Conclusions

The lung microbiome is a rapidly growing area of research, where furthering our understanding of the lung microbiota can aid in drug discovery with the potential elucidation of novel mechanisms and therapeutic targets. The subsequent influence of the lung microbiota on the immune system, might also lead to the identification of important discoveries into the pathogenesis of lung diseases, as well as the potential role the lung microbiome may play in distal organs, like the gut, and associated diseases. The gut and lung microflora are clearly linked by nutrition, the immune system and digestive and respiratory health, through mutual communication linking this intricate system.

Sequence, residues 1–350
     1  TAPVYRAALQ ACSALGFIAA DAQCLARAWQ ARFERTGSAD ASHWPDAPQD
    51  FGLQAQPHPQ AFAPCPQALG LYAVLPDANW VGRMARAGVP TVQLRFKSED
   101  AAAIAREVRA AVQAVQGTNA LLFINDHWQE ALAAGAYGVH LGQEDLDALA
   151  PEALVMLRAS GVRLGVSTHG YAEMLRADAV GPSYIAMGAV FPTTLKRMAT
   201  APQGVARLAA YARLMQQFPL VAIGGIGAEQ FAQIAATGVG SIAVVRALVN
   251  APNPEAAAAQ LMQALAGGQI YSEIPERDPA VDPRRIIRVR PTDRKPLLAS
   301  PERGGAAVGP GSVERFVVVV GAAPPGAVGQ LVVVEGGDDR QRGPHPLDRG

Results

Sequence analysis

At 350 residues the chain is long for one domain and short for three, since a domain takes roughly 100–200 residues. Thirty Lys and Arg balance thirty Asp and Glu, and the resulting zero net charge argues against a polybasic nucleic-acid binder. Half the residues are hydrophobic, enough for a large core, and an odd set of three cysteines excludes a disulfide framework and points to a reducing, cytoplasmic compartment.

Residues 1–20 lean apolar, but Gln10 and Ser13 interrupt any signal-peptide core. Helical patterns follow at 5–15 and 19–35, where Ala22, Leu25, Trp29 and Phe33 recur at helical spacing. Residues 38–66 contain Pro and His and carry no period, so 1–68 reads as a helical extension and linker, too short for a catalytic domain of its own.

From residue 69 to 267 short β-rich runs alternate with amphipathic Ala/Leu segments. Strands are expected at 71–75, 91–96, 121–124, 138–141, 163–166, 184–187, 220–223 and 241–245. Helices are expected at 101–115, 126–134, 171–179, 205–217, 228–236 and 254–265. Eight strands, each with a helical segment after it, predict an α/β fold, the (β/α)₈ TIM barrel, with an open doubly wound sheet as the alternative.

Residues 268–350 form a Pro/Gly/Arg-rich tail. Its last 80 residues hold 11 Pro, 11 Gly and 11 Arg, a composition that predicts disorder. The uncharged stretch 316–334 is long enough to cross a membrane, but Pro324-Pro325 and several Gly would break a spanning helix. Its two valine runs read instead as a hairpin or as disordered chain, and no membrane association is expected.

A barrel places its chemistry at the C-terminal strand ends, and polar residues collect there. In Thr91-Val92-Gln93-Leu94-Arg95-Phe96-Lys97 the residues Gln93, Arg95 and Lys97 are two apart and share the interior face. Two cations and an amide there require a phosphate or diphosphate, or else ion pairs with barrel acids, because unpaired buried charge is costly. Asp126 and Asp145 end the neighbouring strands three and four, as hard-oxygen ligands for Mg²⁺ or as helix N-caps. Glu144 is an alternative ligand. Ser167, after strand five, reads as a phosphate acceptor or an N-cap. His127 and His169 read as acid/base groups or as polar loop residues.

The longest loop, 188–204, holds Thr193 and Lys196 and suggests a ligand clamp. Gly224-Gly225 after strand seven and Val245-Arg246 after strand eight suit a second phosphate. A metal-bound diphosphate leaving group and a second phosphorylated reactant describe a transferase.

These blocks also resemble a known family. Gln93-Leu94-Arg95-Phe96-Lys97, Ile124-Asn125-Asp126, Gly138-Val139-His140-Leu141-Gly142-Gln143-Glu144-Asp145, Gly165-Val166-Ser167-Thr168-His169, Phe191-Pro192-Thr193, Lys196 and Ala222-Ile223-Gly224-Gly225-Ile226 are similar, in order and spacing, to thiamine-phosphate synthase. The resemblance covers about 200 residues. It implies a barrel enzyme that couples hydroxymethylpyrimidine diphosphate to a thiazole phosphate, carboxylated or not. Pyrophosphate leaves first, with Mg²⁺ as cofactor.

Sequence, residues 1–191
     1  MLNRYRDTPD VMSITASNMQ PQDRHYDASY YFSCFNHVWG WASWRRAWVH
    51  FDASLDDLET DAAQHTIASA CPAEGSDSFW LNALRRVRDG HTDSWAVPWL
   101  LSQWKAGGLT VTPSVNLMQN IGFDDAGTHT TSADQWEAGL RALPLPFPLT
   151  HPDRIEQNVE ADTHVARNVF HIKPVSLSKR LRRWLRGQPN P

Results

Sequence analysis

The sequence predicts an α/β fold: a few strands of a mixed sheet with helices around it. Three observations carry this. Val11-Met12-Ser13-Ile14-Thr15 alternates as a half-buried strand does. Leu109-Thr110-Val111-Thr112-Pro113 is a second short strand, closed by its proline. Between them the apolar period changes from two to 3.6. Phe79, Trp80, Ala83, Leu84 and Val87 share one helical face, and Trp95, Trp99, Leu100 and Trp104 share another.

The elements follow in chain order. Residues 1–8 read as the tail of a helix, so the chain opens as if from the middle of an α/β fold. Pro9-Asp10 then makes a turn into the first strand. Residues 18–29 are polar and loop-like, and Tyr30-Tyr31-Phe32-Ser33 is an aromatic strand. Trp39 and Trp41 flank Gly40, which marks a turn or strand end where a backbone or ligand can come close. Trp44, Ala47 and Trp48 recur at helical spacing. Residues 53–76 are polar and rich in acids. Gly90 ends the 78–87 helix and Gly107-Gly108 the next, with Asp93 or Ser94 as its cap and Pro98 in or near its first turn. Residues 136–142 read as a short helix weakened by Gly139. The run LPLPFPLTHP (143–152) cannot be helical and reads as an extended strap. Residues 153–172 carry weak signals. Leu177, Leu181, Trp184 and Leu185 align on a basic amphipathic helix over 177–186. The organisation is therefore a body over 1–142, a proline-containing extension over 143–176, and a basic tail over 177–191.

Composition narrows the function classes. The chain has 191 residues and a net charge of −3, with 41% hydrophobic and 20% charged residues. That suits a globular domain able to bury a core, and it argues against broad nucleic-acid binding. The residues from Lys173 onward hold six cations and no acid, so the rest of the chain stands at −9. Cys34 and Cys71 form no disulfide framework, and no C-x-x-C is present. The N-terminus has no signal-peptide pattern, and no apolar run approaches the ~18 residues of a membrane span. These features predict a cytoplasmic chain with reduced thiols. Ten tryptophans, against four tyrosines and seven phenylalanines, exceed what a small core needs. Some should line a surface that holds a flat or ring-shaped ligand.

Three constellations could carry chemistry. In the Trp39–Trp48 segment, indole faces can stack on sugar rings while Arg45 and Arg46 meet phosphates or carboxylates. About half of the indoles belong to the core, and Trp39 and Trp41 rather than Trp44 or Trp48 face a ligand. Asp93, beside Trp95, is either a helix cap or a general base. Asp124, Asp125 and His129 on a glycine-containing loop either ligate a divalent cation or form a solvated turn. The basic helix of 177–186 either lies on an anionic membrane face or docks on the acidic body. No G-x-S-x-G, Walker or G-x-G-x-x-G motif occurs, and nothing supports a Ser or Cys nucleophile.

References

Anand S & Mande SS (2018) Diet, Microbiota and Gut-Lung Connection. Front Microbiol 9:2147.

Costa AN et al. (2018). The Pulmonary Microbiome: Challenges of a New Paradigm. J Bras Pneumol. Jul 30:0

Dumas A et al. (2018) The role of the lung microbiota and the gut-lung axis in respiratory infectious diseases. Cell Microbiol 20(12):e12966.

Mathieu E et al. (2018) Paradigms of Lung Microbiota Functions in Health and Disease, Particularly, in Asthma. Front Physiol 9:1168.